Monday, October 31, 2011

PCAOB Chair Examines Board Broker-Dealer Audit Oversight, Hints that Introducing Brokers May Be Exempted

The PCAOB will use an open and transparent process to develop professional standards and inspection programs to implement Dodd-Frank provisions authorizing Board oversight of firms performing the audits of brokers and dealers registered with the SEC, said PCAOB Chair James Doty. In remarks at the AICPA/SIFMA national conference on the securities industry, the Chair said the Board’s goal is to create programs with real value for investors and customer of broker-dealers, and that reinforce the integrity of the capital markets.

He said that the Board intends to gather information from industry professionals and their auditors so as to act with intelligence and knowledge, not simply on instinct. The information will be obtained through the Board’s temporary inspection program and broker-dealer small business forums, as well as by meetings with representatives of various organizations representing broker-dealers and their auditors, meetings with other regulators, and participation in conferences.

While Dodd-Frank charged the PCAOB with creating an inspection program for the audits of brokers and dealers, the legislation did not mandate a specific program of inspection for these audits, thus giving the PCAOB discretion to determine the specific elements of an inspection program. Recently, the Board adopted and the SEC approved a temporary rule establishing an interim inspection program for auditors of brokers and dealers. Chairman Doty noted that the Board's interim program will be used to learn about the auditors conducting audits of differing types of brokers and dealers.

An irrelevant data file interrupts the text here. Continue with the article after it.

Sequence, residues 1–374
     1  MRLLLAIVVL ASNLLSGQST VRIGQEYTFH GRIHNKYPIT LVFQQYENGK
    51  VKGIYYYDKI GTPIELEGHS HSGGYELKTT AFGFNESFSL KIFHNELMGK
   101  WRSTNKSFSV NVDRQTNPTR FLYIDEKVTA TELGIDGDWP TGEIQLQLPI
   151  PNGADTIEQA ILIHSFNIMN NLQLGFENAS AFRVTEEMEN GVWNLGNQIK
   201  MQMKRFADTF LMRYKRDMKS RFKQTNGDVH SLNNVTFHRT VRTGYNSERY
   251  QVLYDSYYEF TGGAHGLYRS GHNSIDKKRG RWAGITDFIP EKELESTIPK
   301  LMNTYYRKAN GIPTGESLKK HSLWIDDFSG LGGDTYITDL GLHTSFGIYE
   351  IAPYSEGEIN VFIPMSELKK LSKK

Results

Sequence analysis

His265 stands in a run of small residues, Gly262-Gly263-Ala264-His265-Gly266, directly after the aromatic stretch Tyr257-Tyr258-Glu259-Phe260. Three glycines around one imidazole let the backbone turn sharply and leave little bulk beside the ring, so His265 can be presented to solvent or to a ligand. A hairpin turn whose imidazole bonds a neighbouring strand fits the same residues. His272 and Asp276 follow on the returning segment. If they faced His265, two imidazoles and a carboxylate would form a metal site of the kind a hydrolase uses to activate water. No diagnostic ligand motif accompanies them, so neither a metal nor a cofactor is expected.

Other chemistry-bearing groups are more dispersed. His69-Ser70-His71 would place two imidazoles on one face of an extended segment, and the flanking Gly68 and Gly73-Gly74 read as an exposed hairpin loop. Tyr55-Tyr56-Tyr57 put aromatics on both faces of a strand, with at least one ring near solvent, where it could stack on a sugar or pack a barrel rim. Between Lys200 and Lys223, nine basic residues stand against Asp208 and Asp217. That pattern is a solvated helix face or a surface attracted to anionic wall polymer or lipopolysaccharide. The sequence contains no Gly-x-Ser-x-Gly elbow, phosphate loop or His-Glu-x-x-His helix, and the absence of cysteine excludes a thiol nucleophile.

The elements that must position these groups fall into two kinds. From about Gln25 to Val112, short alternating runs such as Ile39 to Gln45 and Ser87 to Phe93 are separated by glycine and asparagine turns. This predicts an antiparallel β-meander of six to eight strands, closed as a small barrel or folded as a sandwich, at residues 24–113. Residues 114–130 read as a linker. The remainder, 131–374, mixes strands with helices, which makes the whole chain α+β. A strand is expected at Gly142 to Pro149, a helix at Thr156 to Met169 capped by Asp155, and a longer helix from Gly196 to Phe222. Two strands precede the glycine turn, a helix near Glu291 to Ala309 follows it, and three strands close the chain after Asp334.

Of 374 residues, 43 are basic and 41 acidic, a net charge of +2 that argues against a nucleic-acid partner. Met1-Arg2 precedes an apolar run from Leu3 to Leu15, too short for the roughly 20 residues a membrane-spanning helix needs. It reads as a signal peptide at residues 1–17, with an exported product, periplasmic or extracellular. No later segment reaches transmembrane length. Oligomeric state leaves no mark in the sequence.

More specifically, the Board's goal in the interim inspection program will be to gather information that will be used as the basis to inform the Board's consideration of a permanent inspection program. The Board will focus on gaining a greater understanding of the potential benefits to investors and potential cost and regulatory burdens. He stressed that providing programs that add value for investors and account holders means that the benefits of Board programs should exceed the regulatory costs. With this information, the Board will put itself in the best position to determine how to structure the scope of a permanent inspection regime, including whether to differentiate between different classes of brokers and dealers and how frequently auditors should be inspected.

Acknowledging concerns about the scope of the interim program, the PCAOB Chair cautioned the industry not to assume that the inclusive nature of the interim inspection program translates to the likely scope of the permanent program. The Board is not suggesting that every broker or dealer auditor will be inspected as part of the interim program. Indeed, the Board expects to be able to gather most of the information without having to inspect the majority of firms during the interim program.

The Board will consider whether there should be exemptions to the permanent program. While Congress made a deliberate decision not to exempt any class of broker-dealer auditor from Board oversight, noted the Chair, the Board, armed with information gained through the interim inspection program, may be able to focus on areas where oversight would provide the greatest investor protection. In particular, the Board will consider whether to exclude introducing brokers and dealers, which do not generally maintain customer cash and securities, from the permanent inspection program.

The Chair added that, while the risks presented to account holders by the activities of introducing brokers and dealers may be lower than those presented by carrying or clearing brokers and dealers, risks do exist. The interim program, outreach efforts and research have already confirmed that introducing brokers and dealers are not a uniform population. They have a wide variety of business lines and practices, he said, representing varying degrees of risk to their underlying account holders and investors.

Thus, Chairman Doty said that the Board will carefully consider these risks in determining the scope of the permanent inspection program. The PCAOB will also continue to consult with the SEC, FINRA, and the Securities Investor Protection Corporation in order to consider the role of auditor regulation against the backdrop of direct regulation over brokers and dealers.